Accident-Tolerant Fuels Could Be a Boon for Nuclear Industry

Following a planned outage, Unit 1 at the Edwin I. Hatch Nuclear Plant near Baxley in southeastern Georgia returned to service in early March outfitted with first-of-their-kind accident tolerant fuel (ATF) test assemblies. The development marks a major milestone for the advanced fuel technology, which, beyond safety benefits, could furnish the world’s light water reactor fleet with much-needed cost efficiencies to help them stay competitive.

EATF – Our Drive to 2019

I would like to take a few minutes to provide an update on where AREVA NP is in our research and development of the next evolution of nuclear fuel – our Enhanced Accident Tolerant Fuel (EATF) program. Over the past few months, we have reached several milestones in the drive to place lead fuel rods (LFR) into a U.S. commercial reactor in early 2019.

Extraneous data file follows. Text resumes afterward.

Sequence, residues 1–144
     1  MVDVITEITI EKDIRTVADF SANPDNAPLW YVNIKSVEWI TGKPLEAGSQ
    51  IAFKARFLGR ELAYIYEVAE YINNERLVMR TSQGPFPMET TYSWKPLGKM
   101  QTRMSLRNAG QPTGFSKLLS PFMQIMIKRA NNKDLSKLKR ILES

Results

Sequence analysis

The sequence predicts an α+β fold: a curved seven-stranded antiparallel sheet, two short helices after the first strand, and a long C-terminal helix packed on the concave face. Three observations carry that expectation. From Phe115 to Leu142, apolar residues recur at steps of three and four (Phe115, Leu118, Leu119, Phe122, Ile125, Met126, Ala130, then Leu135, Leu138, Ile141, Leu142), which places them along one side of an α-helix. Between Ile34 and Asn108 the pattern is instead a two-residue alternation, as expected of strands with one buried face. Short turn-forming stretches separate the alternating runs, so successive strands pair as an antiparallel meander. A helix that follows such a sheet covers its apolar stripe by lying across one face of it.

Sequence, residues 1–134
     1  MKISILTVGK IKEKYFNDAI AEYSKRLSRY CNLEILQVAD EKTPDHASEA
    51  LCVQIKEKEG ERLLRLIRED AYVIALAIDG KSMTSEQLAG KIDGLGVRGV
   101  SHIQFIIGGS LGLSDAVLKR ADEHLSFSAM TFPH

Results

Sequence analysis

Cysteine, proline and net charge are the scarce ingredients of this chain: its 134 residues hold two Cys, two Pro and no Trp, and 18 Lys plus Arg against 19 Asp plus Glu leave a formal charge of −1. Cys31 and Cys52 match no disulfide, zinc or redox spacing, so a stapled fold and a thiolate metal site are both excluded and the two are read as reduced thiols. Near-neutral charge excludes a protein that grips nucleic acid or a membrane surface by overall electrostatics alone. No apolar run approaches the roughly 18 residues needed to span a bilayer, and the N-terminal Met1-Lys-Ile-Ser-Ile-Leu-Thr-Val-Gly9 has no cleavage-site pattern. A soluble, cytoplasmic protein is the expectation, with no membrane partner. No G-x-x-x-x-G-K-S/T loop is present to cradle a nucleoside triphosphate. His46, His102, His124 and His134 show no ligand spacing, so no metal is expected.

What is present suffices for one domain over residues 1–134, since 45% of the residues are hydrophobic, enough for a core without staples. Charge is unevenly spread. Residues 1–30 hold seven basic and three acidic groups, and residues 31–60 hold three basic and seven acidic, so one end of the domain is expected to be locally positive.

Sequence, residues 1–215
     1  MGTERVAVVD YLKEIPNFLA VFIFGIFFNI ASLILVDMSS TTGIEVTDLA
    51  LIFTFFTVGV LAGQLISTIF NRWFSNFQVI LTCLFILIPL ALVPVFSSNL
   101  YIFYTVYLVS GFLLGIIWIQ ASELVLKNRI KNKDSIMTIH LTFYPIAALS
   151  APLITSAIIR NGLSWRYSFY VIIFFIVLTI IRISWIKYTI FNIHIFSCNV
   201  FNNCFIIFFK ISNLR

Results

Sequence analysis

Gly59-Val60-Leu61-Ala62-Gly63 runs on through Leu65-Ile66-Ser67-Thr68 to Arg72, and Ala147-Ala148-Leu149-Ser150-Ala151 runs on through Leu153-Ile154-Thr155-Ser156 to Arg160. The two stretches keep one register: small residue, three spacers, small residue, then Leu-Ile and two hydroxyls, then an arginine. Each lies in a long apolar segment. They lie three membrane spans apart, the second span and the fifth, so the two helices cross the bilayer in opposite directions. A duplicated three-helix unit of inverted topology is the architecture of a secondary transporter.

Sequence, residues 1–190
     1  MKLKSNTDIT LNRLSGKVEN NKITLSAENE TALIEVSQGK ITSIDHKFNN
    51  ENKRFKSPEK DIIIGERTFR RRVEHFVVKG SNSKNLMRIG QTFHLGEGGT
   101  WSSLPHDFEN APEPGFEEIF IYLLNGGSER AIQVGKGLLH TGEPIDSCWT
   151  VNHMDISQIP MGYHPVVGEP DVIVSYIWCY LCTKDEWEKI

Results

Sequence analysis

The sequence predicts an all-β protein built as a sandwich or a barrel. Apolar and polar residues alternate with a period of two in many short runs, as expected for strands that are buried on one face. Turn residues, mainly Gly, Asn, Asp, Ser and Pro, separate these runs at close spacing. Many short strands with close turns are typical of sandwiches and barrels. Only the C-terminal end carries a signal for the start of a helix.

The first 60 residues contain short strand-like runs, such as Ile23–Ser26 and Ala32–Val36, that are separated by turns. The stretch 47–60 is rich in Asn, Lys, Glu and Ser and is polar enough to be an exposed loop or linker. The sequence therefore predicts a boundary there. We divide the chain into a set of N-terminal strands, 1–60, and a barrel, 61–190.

The Next Evolution

In the aftermath of the 2011 accident at Fukushima Daiichi, the nuclear industry undertook a worldwide research and development effort to further increase fuel margins in the case of a severe accident, leading to the development of different enhanced accident tolerant fuel (EATF) programs.